Being priced directly in competition with the AMD Radeon HD 5870, the GTX 470 represents a reasoned attack on AMD's flagship single-GPU card. A quick look at the specs though and it's clear this isn't a just straight up fight.
This is the same graphics processor that's been giving the twin-GPU AMD Radeon HD 5970 a run for its money, though admittedly a rather chopped down version. So what's been chopped out of the GTX 470's GF100 then?
Well, the full Fermi GPU sports 16 streaming multiprocessors (SMs) with 512 little CUDA cores (or shader units in its more common parlance) doing the grunt work.
This was cut back for the GTX 480 to 15 SMs and 480 cores, presumably to increase usable GPU yields from the expensive but rather broken GF100 wafers.
Nvidia's big silicon knife has come out again for the GTX 470, cutting that down to 14 SMs with a functional total of 448 CUDA cores.
Clock speeds too have been slashed, with the GTX 470 coming in at a bizarre 607MHz (that extra 7MHz quite obviously making all the difference) compared to the GTX 480's nice and clean 700MHz.
You've only lost 8 ROPs and 256MB of graphics memory though and that memory bus is now 320-bit rather than 384-bit; so it looks like that blade has been wielded pretty smartly by the NVIDIAN engineers.
That leaves us then with a functional core speed of 607MHz, shader clock of 1215MHz and memory clock of 1674. Coupled with that there's that 320-bit memory bus, coping with 1,280MB or GDDR5, and a final total of 40 ROPs.
When you put that up against the HD 5870 AMD is hoping that its higher clockspeeds and extra shader units will be enough to offset the shorfall in ROPs, memory capacity and memory bus.
But these are very different architectures and we're definitely not comparing apples and apples here in terms of the GPU specs themselves.
The proof though is in the graphical pudding, and more especially the tessellated icing on top. Damn, I'm getting hungry now… But yes, the tessellation performance of Zotac's GTX 470 card is going to be key to its chances now, in the future and in its battle with AMD's Radeon HD 5870.
Nvidia sees tessellation as the great hope for PC gaming going forward and was so desperate to make sure it had the best architecture to take advantage of the Big M's new API that it was willing to wait half a year after the software hit user's machines before releasing a graphics card capable of using all that tessellated goodness.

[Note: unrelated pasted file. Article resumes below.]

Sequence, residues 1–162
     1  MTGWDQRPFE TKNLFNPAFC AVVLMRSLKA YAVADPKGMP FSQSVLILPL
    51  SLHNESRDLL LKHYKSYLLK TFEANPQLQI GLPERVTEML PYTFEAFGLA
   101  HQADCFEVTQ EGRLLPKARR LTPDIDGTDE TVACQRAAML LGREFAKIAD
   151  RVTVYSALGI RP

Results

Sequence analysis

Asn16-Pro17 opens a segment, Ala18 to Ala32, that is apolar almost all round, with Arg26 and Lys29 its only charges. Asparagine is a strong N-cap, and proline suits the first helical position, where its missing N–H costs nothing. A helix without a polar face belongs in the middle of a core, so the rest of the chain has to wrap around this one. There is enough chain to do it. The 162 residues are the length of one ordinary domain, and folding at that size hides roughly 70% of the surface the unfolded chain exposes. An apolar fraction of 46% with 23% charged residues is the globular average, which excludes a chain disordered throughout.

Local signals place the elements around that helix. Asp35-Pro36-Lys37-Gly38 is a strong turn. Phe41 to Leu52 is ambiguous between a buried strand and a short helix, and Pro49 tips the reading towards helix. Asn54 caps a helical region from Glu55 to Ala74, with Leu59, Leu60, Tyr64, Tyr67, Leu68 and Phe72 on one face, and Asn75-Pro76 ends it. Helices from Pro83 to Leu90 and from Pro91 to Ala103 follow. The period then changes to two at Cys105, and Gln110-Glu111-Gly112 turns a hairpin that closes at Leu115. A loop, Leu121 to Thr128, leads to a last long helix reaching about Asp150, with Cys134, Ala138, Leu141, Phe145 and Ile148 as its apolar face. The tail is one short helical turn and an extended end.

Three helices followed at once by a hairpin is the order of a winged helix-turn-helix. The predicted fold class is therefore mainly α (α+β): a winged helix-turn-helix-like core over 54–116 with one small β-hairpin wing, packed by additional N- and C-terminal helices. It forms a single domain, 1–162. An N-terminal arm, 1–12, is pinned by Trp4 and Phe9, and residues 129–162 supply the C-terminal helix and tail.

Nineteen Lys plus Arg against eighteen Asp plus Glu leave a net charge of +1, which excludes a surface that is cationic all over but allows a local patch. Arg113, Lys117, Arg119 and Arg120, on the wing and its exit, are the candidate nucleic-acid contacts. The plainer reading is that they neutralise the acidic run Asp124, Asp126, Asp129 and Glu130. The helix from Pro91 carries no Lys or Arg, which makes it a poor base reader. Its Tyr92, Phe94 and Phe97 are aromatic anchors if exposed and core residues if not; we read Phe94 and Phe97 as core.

While initially this seemed like a risky strategy it's looking like it could well pay off for the green side of the graphics divide.
AMD made sure it had DX11 cards ready and waiting (though not necessarily on the shelves thanks to its own yield issues) for the launch of DX11, but in relative architectural terms Nvidia claims it only really pays lip-service to tessellation.
With the single tessellation unit of AMD's Cypress chips compared to the 16 tessellation units wrapped up in each of Fermi's SMs it's immediately obvious where Nvidia sees the future of PC graphics.
Despite the fact that the GF100 GPU is a big, blazing hot, power-hungry beast of a chip - in short a very, very Nvidia chip – it is also rather neatly designed. In terms of layout it's very much like a traditional CPU, with independent sections all emptying into a shared Level 2 cache.
This means that it is designed from the ground up to be well versed in the sort of parallelism that Nvidia is aiming for from its CUDA-loving graphics cards.
AMD's solution in its Cypress chips, the GPU powering the HD 58xx series, outputs its data directly into the DRAM. Compared with Nvidia's solution, which keeps all the date on the chip before the final output, the AMD cards could well be overloading the valuable graphics memory far more.
But how does the GTX 470 perform when put up against the great and the good from AMD's graphics stable? We're just about to find out...